“Why, is this the only place you’ve got to sit in?” cried the American girl. “But how perfectly awful! No air, and so dark, and smelly. Why I never saw such a boat! Will you really go? Will you really!”
The state-room was truly rather subterranean and stuffy, with nothing but a long table and an uncanny company of screw-pin chairs seated thereat, and no outlet to the air at all, but it was not so bad otherwise, to me who have never been out of Europe. Those maple-wood panels and ebony curves—and those Hygeias! They went all round, even round the curve at the dim, distant end, and back up the near side. Yet how beautiful old, gold-coloured maple-wood is! how very lovely, with the ebony curves of the door arch! There was a wonderful old-fashioned, Victorian glow in it, and a certain splendour. Even one could bear the Hygeias let in under glass—the colour was right, that wedge-wood and white, in such lovely gold lustre. There was a certain homely grandeur still in the days when this ship was built: a richness of choice material. And health-salts Hygeias, wedge-wood Greek goddesses on advertisement placards! Yet they weren’t advertisements. That was what[Pg 48] really worried me. They never had been. Perhaps Weego’s Health Salts stole her later.
We have no coffee—that goes without saying. Nothing doing so early. The crew still stands in a gang, exactly like a gang of louts at a street-corner. And they’ve got the street all to themselves—this ship. We climb to the upper deck.
She is a long, slender, old steamer with one little funnel. And she seems so deserted, now that one can’t see the street-corner gang of the casual crew. They are just below. Our ship is deserted.
The dawn is wanly blueing. The sky is a curdle of cloud, there is a bit of pale gold eastwards, beyond Monte Pellegrino. The wind blows across the harbour. The hills behind Palermo prick up their ears on the sky-line. The city lies unseen, near us and level. There—a big ship is coming in: the Naples boat.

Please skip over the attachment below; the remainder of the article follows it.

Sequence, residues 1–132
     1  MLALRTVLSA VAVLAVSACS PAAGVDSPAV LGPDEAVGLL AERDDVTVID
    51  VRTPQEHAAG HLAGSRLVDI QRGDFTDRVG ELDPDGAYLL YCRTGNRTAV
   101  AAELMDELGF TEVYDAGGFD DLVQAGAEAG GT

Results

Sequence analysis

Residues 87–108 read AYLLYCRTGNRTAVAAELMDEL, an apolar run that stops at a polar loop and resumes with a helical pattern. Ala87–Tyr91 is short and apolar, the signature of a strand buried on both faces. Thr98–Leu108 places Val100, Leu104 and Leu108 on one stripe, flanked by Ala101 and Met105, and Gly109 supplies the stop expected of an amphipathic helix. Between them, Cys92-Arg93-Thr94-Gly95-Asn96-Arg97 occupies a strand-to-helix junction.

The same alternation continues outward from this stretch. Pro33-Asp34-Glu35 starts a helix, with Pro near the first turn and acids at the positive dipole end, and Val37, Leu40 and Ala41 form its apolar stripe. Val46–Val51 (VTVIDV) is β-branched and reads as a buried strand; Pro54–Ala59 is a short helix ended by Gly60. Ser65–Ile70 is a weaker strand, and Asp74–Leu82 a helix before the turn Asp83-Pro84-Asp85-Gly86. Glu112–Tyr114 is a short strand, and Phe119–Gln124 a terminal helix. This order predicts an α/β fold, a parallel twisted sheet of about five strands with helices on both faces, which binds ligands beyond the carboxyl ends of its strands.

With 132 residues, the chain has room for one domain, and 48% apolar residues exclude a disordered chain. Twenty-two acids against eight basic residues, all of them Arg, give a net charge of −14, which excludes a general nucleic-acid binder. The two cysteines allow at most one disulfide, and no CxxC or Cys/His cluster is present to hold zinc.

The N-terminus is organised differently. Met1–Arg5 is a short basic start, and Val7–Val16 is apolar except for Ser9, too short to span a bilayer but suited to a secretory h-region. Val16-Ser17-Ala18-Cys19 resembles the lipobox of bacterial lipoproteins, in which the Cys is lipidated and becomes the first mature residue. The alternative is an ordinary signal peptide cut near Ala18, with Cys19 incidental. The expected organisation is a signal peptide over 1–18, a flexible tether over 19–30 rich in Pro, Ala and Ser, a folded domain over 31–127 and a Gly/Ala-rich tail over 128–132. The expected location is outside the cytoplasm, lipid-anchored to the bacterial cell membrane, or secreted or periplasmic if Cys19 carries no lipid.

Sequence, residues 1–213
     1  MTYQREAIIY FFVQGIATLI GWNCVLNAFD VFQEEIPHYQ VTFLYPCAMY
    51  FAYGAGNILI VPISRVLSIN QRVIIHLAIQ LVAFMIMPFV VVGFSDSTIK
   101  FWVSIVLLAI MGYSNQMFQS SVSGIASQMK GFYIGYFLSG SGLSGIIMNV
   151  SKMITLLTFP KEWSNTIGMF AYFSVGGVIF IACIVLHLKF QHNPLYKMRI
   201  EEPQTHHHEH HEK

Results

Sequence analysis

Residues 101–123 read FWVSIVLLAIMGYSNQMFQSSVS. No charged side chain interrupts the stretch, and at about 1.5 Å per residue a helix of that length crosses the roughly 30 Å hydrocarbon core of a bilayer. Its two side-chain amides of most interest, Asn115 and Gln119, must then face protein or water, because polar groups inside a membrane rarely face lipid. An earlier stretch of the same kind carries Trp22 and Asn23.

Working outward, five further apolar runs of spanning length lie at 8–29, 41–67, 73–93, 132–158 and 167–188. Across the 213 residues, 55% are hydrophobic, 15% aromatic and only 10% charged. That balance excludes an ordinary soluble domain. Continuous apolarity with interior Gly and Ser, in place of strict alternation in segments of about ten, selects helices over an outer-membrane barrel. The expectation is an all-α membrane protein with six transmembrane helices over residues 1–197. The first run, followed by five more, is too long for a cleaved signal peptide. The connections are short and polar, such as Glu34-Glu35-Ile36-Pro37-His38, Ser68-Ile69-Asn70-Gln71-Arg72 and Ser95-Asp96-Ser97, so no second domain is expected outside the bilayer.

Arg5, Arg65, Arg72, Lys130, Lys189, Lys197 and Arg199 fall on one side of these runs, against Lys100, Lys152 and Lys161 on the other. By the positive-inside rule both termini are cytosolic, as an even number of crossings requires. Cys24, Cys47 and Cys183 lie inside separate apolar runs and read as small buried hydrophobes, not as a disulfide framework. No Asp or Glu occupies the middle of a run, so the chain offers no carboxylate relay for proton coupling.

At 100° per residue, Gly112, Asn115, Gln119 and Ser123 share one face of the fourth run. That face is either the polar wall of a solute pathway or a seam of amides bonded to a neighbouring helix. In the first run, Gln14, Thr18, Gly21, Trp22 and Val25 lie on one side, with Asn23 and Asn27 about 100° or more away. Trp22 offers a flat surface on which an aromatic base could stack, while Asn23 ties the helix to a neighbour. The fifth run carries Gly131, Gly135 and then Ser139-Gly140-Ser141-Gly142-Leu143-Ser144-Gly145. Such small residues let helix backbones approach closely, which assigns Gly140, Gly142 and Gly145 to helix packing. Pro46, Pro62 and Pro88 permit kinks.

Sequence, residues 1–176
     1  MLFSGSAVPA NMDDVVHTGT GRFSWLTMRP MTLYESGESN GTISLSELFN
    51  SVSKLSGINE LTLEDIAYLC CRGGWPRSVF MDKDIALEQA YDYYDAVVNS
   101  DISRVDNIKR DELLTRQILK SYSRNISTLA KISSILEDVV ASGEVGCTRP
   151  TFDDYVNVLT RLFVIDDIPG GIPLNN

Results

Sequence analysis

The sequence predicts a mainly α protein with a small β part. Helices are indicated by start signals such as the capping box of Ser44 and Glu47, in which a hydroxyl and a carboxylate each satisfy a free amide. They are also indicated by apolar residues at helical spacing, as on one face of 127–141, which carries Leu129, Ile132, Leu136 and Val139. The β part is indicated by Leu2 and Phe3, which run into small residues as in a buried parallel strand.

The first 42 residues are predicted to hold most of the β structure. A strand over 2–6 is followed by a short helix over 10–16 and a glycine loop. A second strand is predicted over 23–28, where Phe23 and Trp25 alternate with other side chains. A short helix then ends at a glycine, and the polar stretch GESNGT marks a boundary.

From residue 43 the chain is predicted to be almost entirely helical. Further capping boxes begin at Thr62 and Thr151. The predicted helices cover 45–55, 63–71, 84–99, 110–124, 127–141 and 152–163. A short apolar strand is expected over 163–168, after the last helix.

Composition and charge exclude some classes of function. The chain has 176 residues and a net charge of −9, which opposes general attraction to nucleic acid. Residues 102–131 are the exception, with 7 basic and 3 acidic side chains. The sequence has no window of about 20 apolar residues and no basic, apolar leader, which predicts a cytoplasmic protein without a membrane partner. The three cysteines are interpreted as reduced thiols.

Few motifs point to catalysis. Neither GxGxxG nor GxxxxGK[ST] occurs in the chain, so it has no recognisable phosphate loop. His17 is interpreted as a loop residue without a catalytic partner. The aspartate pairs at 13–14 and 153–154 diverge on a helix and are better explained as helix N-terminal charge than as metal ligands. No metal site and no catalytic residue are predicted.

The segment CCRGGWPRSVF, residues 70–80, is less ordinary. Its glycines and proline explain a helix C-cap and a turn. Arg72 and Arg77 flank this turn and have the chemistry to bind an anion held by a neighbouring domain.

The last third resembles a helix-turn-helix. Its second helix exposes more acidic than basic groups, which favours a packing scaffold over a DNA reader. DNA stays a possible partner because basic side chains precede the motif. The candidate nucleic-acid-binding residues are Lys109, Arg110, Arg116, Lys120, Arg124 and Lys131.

And the little boats keep putting off from the near quay, and coming to us. We watch. A stout officer, cavalry, in grayey-green, with a big dark-blue cloak lined with scarlet. The scarlet lining keeps flashing. He has a little beard, and his uniform is not quite clean. He has big wooden chests, tied with rope, for[Pg 49] luggage. Poor and of no class. Yet that scarlet, splendid lining, and the spurs. It seems a pity they must go second-class. Yet so it is, he goes forward when the dock porter has hoisted those wooden boxes. No fellow-passenger yet.
Boats still keep coming. Ha-ha! Here is the commissariat! Various sides of kid, ready for roasting: various chickens: fennel like celery: wine in a bottiglione: new bread: packages! Hand them up, hand them up. “Good food!” cries the q-b in anticipation.
It must be getting near time to go. Two more passengers—young thick men in black broad-cloth standing up in the stern of a little boat, their hands in their pockets, looking a little cold about the chin. Not quite Italian, too sturdy and manly. Sardinians from Cagliari, as a matter of fact.Share It